Endings/Beginnings

Rosy Kandathil, OSB A Benedictine Sojourner's Journey, Living in Community 2 Comments

I’ve never liked endings. I often cling to the last pages of my favorite books, deliberately reading slowly just to wrangle more time with a beloved character. But no matter how I try to delay, there is no escaping the inevitable. From the beginning, the final page of the story always looms ahead, promising an unavoidable return trip back to my own real world.

The final short story that Gregory the Great recounts of Benedict in the Dialogues is essentially an epilogue, set long after the holy man’s death. The scene opens on a deeply disturbed woman who, having lost all sense of reason, wanders incessantly “up and down, day and night, in mountains and valleys, in woods and fields, resting only when utter exhaustion forced it.” Anxious and driven, she is described as a madwoman that moves compulsively but without direction, running in circles, unable to stop. Then, in a characteristic twist, Gregory reports that she comes to the mouth of a certain cave in Subiaco.

“Subiaco?” The reader might exclaim here in surprised recognition.

Unwittingly, the woman had stumbled upon the cave where Benedict spent 3 early years in solitude with God. As if by Russell Cave NPS photoinstinct, she enters the dark cool interior, curls up in a corner and falls asleep. She awakens to the morning sun, miraculously restored to her senses and full of focus—as if she had never suffered from sickness at all.

The story is set many years after Benedict’s passing, and so the miracle is especially curious. The distressed woman never meets Benedict, never prays or asks directly for healing, and is completely unaware of the cave’s significance when she comes upon it. Yet by seeming happenstance she finds the cure for her illness inside. Why does Gregory choose to end Benedict’s story on this mysterious postscript?

This is certainly no afterthought.  As I reflect on this marvelous ending, I have come to appreciate Gregory’s skillful use of teaching stories. I can see how the woman’s plight is meant to parallel the spiritual journey—so often characterized by a winding way, full of complex twists and turns, ups and downs. Her restless, compulsive activity is such a common complaint of the modern age that it’s hard to believe the story was written in the 6th century. As if addressing readers in the distant future, Gregory tells us Benedict’s last miracle is not shown to a monk or priest or religious person; it is instead a homeless laywoman who benefits, and by accident. Her cure begins in an intuitive, unknowing discovery of Benedict’s cave, where she returns to her senses, not through extraordinary acts of faith and prayer, but through the ordinary act of rest.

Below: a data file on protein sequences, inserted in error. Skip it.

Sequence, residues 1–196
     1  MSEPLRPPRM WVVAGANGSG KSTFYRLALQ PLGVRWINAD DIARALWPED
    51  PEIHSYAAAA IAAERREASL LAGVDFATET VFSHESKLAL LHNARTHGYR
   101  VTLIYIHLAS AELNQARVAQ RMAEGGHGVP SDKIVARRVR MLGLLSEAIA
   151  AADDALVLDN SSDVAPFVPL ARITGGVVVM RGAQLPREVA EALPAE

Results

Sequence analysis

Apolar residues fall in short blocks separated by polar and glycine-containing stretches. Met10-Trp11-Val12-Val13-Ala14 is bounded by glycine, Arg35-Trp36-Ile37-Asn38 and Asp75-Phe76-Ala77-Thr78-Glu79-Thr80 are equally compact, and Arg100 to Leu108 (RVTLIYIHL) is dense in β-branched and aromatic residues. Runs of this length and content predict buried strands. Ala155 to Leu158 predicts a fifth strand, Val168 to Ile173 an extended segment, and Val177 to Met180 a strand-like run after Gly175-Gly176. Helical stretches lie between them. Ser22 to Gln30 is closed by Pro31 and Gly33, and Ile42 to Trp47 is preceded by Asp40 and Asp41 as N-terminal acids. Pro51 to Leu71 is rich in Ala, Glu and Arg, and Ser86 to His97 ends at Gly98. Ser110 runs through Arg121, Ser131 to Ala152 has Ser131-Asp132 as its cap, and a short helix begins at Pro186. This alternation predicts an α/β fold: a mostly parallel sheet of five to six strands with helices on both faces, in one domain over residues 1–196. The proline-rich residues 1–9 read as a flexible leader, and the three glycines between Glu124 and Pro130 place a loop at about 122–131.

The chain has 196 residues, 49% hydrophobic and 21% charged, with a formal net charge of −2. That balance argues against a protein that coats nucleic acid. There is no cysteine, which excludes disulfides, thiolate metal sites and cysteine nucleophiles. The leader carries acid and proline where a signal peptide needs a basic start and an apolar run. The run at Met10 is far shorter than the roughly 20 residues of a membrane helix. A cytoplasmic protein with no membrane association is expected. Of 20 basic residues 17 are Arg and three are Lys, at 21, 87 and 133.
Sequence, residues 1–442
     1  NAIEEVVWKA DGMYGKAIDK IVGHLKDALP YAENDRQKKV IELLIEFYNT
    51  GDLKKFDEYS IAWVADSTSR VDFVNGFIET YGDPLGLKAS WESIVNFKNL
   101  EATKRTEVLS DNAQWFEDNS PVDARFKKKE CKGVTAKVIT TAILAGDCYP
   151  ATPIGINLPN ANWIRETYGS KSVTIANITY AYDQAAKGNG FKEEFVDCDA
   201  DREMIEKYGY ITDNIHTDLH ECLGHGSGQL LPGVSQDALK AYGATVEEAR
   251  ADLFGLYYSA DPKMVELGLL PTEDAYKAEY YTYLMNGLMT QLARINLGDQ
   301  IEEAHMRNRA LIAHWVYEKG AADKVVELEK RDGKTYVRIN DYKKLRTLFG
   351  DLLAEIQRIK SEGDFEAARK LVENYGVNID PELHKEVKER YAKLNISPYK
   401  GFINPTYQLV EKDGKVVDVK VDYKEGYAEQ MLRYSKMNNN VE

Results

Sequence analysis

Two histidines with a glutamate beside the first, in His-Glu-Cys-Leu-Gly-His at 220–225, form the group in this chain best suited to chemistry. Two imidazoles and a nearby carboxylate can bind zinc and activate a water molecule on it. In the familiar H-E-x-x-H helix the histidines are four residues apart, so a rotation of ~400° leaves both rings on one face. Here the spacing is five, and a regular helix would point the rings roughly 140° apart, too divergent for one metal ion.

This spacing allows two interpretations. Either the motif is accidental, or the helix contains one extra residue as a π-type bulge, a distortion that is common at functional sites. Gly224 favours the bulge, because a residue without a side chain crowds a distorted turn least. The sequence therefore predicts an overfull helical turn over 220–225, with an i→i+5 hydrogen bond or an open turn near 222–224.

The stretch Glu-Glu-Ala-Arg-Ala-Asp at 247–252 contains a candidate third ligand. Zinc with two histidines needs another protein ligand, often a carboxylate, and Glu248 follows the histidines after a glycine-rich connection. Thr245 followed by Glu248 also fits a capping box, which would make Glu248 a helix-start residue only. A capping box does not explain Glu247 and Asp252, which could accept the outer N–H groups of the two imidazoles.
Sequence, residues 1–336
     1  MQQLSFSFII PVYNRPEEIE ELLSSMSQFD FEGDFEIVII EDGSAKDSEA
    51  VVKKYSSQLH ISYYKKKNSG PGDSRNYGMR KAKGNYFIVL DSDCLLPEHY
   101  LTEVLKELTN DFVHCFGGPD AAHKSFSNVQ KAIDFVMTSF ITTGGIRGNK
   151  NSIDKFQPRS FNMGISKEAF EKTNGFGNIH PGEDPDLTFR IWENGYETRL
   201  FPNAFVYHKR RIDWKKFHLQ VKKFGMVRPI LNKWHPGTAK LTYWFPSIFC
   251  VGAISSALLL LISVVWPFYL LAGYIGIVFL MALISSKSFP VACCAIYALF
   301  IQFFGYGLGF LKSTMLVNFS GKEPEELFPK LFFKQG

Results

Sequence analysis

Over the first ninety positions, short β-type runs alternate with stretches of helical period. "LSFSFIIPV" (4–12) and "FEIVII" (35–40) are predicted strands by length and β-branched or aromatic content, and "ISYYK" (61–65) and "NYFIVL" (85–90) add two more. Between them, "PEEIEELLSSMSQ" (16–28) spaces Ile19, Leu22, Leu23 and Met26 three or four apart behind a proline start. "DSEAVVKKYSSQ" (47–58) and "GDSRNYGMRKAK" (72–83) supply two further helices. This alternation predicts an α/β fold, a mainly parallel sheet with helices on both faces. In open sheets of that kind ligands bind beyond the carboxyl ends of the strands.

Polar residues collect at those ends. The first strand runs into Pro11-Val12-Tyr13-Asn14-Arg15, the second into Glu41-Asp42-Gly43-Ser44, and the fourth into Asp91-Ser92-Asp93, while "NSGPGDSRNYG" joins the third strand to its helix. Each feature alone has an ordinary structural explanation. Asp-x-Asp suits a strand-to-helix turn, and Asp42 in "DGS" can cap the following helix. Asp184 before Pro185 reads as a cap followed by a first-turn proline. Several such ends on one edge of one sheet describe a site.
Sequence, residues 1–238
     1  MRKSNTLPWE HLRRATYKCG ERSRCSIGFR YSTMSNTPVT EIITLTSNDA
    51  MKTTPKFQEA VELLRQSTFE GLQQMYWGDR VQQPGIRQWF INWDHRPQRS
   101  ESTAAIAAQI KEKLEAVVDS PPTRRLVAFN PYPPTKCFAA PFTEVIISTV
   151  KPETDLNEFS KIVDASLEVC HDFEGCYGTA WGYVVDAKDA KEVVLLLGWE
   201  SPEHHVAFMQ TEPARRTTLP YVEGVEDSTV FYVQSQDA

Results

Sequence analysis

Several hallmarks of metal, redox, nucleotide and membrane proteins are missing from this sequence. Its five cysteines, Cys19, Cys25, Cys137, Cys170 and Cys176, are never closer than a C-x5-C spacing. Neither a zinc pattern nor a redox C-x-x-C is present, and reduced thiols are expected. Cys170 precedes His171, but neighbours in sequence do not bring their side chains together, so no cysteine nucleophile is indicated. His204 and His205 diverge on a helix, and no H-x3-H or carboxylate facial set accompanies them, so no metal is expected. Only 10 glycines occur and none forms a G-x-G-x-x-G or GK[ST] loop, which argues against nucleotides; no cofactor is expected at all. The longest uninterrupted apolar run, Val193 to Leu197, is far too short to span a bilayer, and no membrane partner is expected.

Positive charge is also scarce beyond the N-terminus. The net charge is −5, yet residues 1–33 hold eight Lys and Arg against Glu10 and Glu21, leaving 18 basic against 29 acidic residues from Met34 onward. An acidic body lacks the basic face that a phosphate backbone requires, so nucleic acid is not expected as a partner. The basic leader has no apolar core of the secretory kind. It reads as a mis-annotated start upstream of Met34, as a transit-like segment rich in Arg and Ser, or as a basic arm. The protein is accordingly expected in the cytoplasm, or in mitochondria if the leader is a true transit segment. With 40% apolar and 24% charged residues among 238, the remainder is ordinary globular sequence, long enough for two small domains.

By ending with this powerful parable, Gregory illustrates the profound healing effect of one holy life in the world. More than 1500 years later, Benedict’s teachings continue to offer guidance and wisdom to seekers. Could Gregory ever have guessed how prescient his story actually was? Replete with the symbols of darkness and light, sleeping and waking, sickness and health, the story points toward Christ and the paschal mystery central to the Christian faith. This is an ending that directs us, with vigorous hope, to a new beginning.

As I reflect on the end of my Benedictine Sojourner year and all I’ve experienced, it is hard to say what has impacted me most. What could have prepared me for this year of living in community with women I did not know, of praying the Liturgy of the Hours, of eating regularly with strangers and finding camaraderie and common ground at the table, of learning to pay attention to the gifts in the present moment, of kindling a recognition of God in everything and everyone? It has been a year of changes and interior surprises, but simultaneously, perhaps paradoxically, of deep stability and predictability.  Like the disoriented madwoman who unwittingly entered Benedict’s cave and found her senses restored, I’ve emerged from this time with a renewed sense of direction and purpose.

If you’ve journeyed with me along the way, patiently reading these posts, I give thanks for your companionship. It is both relief and sadness that meet me when I think of ending this blog. Relief because writing is hard work for me and does not come easily; sadness because the regular discipline of careful reflecting and writing helped deepen and integrate my experiences, while also inviting a community of readers to share in my life and learning. This blog has been a valuable part of my journey, and I’m enormously grateful for the good company and prayers it has generated for me. But as my Benedictine Sojourner year draws to its close, I celebrate the prophetic message embedded in Gregory’s last story of Benedict: every great ending points to a new beginning.

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We are grateful for the way Rosy has shared her journey – A Sojourner’s Journey – in these blog posts. Follow this link to read her earlier posts:

Living in Community – A Benedictine Sojourner’s Journey

 

photo credit:  Russell Cave National Monument, NPS photo

Comments 2

  1. I had the great pleasure to meet Rosy at my retreat earlier this month. She is a great inspiration to me, both from meeting her and reading her blog. Blessings to Rosy in her continued journey.

    Pam Harstad
    Evansdale, Iowa

    1. Thanks, Pam. It was a pleasure meeting you at Holy Wisdom, and I look forward to seeing you there again in the future! – Rosy

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